Oregon has the highest hepatitis C mortality rate in the United States, with 500 people dying each year from the disease, and the third highest rate of infection. Because of this, the state is making drastic changes in hopes of eradicating the virus. The Oregon Health Authority is now working to expand hepatitis C treatment to everyone infected on the Oregon Health Plan.

Hepatitis C is a viral infection spread through contact with infected blood. The virus causes liver inflammation and which can sometimes lead to severe liver damage. Many people with the disease show no symptoms until the virus damages the liver to the point you start displaying signs and symptoms of liver disease. Symptoms include fatigue, jaundice, swelling in the legs and weight loss, among others. In the early stage, hepatitis C can be treated, and sometimes cured, with antiviral drugs.

In November, the state advisory committee on drugs and treatments recommended expanding hepatitis C treatment. Previously, the cost of Sovaldi, a breakthrough drug introduced in 2014 cost $1,000 for one pill, which came out to $84,000 for a week of treatment. With cheaper competitors now on the market, the company has stated they will market hepatitis drugs for a third of the original price.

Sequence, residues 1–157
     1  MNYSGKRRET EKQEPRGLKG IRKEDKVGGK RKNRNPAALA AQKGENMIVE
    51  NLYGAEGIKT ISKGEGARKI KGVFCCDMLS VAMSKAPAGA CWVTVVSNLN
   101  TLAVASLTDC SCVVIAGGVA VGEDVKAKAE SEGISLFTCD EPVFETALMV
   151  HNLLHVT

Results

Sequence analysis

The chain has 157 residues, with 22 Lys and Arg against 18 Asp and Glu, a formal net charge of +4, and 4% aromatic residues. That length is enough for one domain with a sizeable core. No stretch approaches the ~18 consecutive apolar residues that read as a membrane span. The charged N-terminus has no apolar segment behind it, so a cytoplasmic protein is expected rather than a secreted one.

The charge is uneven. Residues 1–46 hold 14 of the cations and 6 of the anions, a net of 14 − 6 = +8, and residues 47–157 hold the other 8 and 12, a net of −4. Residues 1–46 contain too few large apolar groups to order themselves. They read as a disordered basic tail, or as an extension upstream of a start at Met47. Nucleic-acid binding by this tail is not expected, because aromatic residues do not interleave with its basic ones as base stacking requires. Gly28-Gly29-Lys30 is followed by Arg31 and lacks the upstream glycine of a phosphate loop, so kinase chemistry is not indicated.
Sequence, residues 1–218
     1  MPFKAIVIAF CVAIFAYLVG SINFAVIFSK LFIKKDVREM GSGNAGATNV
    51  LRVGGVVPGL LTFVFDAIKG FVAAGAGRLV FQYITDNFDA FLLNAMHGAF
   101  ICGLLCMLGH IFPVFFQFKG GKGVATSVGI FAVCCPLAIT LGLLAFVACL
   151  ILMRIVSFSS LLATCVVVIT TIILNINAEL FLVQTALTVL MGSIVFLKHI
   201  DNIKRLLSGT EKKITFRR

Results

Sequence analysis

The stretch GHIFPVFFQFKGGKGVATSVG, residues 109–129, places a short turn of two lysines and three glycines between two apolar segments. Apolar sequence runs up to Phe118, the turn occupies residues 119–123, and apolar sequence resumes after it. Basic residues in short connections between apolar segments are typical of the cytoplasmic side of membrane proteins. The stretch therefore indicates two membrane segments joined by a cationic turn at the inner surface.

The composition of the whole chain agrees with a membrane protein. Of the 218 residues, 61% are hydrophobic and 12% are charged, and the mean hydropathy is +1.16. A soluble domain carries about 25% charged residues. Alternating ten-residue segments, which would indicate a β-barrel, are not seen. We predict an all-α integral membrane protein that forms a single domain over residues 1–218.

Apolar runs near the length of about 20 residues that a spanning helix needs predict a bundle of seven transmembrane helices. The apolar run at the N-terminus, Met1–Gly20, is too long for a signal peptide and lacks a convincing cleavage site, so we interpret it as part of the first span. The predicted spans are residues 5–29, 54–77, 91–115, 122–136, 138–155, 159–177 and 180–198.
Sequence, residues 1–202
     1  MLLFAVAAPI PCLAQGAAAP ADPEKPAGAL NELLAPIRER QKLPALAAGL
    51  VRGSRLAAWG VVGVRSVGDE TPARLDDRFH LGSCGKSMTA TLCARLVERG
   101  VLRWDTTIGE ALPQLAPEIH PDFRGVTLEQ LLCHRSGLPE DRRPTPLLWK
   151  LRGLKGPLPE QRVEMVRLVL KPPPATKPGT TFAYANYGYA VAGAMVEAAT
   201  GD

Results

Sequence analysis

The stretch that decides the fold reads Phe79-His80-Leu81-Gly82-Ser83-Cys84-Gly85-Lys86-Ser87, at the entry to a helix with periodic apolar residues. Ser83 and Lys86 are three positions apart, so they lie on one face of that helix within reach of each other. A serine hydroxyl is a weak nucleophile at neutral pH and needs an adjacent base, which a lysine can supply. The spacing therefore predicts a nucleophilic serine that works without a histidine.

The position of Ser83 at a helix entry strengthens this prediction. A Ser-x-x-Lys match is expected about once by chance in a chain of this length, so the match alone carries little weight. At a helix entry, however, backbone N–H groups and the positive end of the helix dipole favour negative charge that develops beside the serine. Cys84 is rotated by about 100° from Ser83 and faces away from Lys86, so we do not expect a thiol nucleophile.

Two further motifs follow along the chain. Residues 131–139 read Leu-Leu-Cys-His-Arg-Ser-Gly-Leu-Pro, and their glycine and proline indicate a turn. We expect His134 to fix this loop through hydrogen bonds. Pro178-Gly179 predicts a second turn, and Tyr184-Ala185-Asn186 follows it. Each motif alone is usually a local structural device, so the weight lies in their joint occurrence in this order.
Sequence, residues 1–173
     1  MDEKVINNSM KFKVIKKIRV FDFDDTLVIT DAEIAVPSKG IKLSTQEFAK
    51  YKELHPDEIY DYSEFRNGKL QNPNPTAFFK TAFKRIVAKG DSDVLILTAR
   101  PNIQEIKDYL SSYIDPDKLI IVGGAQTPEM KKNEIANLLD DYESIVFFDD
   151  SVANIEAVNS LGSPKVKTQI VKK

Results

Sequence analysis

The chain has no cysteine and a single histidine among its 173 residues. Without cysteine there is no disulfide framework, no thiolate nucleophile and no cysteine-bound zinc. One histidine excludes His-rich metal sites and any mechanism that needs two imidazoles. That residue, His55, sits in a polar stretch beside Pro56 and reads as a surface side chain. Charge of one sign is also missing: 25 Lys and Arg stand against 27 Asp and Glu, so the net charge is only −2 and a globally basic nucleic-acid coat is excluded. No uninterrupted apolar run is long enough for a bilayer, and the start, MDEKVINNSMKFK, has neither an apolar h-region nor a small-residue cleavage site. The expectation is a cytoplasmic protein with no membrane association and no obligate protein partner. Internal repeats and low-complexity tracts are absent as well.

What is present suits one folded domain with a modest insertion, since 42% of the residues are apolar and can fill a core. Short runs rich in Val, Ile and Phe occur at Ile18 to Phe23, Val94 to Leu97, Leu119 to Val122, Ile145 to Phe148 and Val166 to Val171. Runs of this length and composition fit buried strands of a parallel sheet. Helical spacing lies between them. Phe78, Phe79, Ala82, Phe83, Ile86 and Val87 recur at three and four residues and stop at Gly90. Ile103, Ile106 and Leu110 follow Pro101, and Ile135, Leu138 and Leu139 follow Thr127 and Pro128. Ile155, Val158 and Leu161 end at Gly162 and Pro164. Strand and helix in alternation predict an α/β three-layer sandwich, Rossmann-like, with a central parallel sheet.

In 2017, Oregon’s Medicaid system spent $45 million on drugs to treat hepatitis C. These drugs have a 95 percent cure rate, but because of their price, the Oregon Health Authority had rationed their use to only patients with the most need. Only those with a fibrosis score of F3 and F4 were treated with medication.

The state registry lists over 75,000 people as infected with the virus. State officials estimate there are more than 100,000 others also infected and unaware of it. Of the 75,000 infected, an estimated 16,000 to 30,000 are on Medicaid. Under the new recommendation, those individuals will be eligible for treatment. Forty-five percent of those individuals have either F1 or F0 level of liver scarring.

The recommendation also lifts a previous requirement that those suffering from substance abuse problems receive addiction treatment before undergoing treatment for hepatitis C.

While the cost of treating all of these individuals may seem high, in the long run, it’ll save the state money as they won’t have to treat people with serious complications as a result of the virus and it will help prevent the virus from spreading further.

A state analysis has found that treating only 12 percent of the infected population could mean Oregon would eliminate the virus in a decade.